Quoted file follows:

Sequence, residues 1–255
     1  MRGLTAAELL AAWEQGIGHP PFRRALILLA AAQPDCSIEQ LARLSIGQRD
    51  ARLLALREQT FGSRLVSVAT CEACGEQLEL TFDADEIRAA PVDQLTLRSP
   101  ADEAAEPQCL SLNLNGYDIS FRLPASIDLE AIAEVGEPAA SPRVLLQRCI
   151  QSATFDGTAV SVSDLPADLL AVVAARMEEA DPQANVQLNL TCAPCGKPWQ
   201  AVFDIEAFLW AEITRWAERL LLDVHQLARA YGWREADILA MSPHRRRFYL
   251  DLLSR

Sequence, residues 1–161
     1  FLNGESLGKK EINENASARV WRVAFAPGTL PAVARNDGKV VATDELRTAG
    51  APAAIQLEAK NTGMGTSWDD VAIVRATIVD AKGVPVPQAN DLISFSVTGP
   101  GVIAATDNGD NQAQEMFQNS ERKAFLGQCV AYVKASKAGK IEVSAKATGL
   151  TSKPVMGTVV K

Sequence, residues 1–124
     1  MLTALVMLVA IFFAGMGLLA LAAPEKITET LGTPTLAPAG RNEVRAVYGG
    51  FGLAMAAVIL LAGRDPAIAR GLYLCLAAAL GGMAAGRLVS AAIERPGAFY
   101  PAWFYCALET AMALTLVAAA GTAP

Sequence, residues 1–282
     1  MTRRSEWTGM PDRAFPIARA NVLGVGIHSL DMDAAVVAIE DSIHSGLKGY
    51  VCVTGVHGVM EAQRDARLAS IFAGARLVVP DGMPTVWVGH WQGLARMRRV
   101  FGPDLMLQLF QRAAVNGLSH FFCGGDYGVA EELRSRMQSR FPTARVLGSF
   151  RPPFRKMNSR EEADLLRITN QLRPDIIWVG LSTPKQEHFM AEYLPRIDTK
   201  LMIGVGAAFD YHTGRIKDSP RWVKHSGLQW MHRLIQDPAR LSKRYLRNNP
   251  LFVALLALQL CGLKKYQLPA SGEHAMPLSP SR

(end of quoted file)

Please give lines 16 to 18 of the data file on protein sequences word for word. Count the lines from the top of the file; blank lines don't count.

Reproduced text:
   101  PAWFYCALET AMALTLVAAA GTAP

Sequence, residues 1–282
     1  MTRRSEWTGM PDRAFPIARA NVLGVGIHSL DMDAAVVAIE DSIHSGLKGY